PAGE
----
3. The process according to claim 2 wherein the second permeate effluent stream from the primary ion transport membrane is used to purge the permeate side of the initial ion transport membrane.
4. The process according to claim 1, wherein at least a portion of at least one of the first permeate effluent stream from the bulk oxygen separation system and the second permeate effluent stream from the primary ion transport membrane is recycled by addition to the feed gas stream.
5. The process according to claim 1, wherein the reactive purge gas is in stoichiometric excess to the oxygen permeating through the ion transport membrane and reacts with substantially all of the oxygen therein to produce a purge permeate effluent stream containing combustion products and a portion of unreacted reactive purge gas.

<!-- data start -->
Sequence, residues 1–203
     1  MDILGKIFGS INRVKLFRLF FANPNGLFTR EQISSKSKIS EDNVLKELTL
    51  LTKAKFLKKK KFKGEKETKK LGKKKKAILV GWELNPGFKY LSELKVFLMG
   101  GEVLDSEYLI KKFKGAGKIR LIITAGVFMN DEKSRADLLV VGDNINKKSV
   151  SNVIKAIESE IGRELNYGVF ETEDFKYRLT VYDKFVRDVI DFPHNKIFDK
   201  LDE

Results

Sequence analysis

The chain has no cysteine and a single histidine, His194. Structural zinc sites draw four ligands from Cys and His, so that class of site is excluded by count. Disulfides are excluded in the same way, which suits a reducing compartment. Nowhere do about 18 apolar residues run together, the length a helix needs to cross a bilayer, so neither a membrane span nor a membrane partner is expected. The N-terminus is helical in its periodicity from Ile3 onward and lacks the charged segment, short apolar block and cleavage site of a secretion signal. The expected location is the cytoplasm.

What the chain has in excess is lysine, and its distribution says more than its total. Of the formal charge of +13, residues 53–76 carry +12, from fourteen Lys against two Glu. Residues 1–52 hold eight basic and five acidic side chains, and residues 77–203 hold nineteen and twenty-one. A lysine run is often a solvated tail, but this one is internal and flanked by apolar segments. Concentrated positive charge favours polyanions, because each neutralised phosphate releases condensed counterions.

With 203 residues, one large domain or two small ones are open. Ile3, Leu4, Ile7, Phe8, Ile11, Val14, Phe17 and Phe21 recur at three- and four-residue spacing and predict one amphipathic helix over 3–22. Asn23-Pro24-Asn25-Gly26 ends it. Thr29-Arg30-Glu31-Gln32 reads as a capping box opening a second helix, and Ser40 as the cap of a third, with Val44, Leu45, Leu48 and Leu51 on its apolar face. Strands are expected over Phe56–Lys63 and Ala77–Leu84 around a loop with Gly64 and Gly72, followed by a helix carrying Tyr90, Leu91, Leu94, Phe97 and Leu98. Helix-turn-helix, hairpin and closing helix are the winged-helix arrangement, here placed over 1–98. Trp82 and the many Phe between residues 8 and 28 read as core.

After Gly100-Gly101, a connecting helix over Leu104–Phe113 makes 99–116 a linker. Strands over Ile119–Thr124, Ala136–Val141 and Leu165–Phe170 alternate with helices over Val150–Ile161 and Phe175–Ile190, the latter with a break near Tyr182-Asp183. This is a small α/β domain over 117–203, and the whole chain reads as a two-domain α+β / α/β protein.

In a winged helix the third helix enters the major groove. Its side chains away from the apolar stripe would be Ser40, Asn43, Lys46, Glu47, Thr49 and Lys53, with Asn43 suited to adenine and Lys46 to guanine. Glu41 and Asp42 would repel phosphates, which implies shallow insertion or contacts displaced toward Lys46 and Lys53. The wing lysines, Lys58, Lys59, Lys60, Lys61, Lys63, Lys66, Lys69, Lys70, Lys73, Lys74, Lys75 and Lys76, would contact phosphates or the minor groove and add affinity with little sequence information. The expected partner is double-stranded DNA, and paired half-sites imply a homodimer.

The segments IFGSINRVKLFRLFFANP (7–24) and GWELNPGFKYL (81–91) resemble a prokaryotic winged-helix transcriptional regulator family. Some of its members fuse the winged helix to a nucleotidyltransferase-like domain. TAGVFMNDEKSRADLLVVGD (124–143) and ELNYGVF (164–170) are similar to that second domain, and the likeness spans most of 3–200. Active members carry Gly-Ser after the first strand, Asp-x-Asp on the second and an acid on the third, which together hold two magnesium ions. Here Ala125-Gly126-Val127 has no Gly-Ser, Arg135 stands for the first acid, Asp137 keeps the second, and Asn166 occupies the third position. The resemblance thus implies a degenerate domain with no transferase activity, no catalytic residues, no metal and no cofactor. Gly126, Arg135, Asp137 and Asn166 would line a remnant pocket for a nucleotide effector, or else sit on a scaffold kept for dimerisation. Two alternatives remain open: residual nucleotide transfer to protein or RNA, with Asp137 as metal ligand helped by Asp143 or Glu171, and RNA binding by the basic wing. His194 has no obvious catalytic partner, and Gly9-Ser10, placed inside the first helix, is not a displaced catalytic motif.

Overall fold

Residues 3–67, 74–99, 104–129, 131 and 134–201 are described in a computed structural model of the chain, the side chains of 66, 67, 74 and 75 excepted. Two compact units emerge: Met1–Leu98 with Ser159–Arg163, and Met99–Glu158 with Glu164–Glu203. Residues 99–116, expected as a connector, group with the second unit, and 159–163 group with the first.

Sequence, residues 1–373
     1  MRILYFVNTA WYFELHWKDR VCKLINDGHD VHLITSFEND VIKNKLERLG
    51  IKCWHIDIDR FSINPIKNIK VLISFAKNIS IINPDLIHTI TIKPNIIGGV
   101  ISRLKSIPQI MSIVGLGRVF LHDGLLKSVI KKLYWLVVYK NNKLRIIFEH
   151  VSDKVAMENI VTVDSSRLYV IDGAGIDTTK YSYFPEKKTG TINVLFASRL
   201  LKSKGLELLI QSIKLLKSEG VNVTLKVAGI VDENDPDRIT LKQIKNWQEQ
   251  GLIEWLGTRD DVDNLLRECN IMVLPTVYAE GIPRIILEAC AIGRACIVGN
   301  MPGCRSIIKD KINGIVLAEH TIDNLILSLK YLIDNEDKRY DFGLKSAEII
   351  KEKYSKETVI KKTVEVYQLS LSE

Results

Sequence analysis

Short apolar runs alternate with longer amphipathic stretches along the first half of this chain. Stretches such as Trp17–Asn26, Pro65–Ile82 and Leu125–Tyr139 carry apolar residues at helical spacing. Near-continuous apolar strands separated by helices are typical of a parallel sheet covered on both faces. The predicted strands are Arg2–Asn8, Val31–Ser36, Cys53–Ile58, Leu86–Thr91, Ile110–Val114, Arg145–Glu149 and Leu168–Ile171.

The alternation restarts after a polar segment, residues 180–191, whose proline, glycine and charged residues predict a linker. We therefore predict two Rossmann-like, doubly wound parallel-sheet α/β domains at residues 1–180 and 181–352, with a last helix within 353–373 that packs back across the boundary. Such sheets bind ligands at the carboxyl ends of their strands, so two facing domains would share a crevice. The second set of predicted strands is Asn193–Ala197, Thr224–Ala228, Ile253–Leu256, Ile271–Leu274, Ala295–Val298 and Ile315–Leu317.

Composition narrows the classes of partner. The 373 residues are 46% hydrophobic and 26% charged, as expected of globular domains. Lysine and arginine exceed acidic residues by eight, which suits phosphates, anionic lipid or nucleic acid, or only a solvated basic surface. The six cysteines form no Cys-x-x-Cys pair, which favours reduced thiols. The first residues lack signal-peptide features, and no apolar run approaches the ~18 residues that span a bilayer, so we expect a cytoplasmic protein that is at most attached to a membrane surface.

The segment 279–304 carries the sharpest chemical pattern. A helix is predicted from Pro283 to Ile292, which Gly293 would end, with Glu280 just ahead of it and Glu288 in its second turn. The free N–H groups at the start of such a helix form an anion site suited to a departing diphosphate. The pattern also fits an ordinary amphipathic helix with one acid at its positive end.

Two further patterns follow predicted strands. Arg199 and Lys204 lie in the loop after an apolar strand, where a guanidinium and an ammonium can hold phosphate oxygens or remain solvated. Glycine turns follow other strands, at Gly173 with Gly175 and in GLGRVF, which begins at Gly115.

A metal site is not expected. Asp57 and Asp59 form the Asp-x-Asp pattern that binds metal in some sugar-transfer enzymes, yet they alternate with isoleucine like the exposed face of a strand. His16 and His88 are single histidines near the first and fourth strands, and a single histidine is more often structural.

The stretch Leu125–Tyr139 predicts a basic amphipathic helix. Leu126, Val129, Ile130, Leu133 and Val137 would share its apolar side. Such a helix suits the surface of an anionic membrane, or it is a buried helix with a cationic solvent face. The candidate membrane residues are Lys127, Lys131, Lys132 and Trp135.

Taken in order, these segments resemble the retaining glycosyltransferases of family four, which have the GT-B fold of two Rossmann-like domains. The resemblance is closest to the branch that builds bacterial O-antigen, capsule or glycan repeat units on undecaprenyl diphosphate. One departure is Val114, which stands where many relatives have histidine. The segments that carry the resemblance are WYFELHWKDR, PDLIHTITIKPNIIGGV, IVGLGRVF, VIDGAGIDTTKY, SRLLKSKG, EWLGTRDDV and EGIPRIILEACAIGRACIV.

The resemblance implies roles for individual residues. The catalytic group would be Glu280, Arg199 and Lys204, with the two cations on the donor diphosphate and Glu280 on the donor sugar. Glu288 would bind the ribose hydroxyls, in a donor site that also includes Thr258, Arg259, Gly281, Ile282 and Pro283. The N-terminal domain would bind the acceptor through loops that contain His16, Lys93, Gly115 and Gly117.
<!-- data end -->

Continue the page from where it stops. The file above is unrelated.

6. The process according to claim 5, wherein at least a portion of the purge permeate effluent stream and an oxygen-containing gas stream are introduced into a combustor and combusted therein to generate heat energy.
7. A process for removing oxygen from a feed gas stream containing elemental oxygen and at least one other gas to produce an oxygen-depleted retentate gas stream, the process comprising:
supplying the feed gas stream to a non-cryogenic bulk oxygen separation system for removing oxygen to produce an oxygen-depleted crude product gas stream and a first oxygen-containing permeate effluent stream;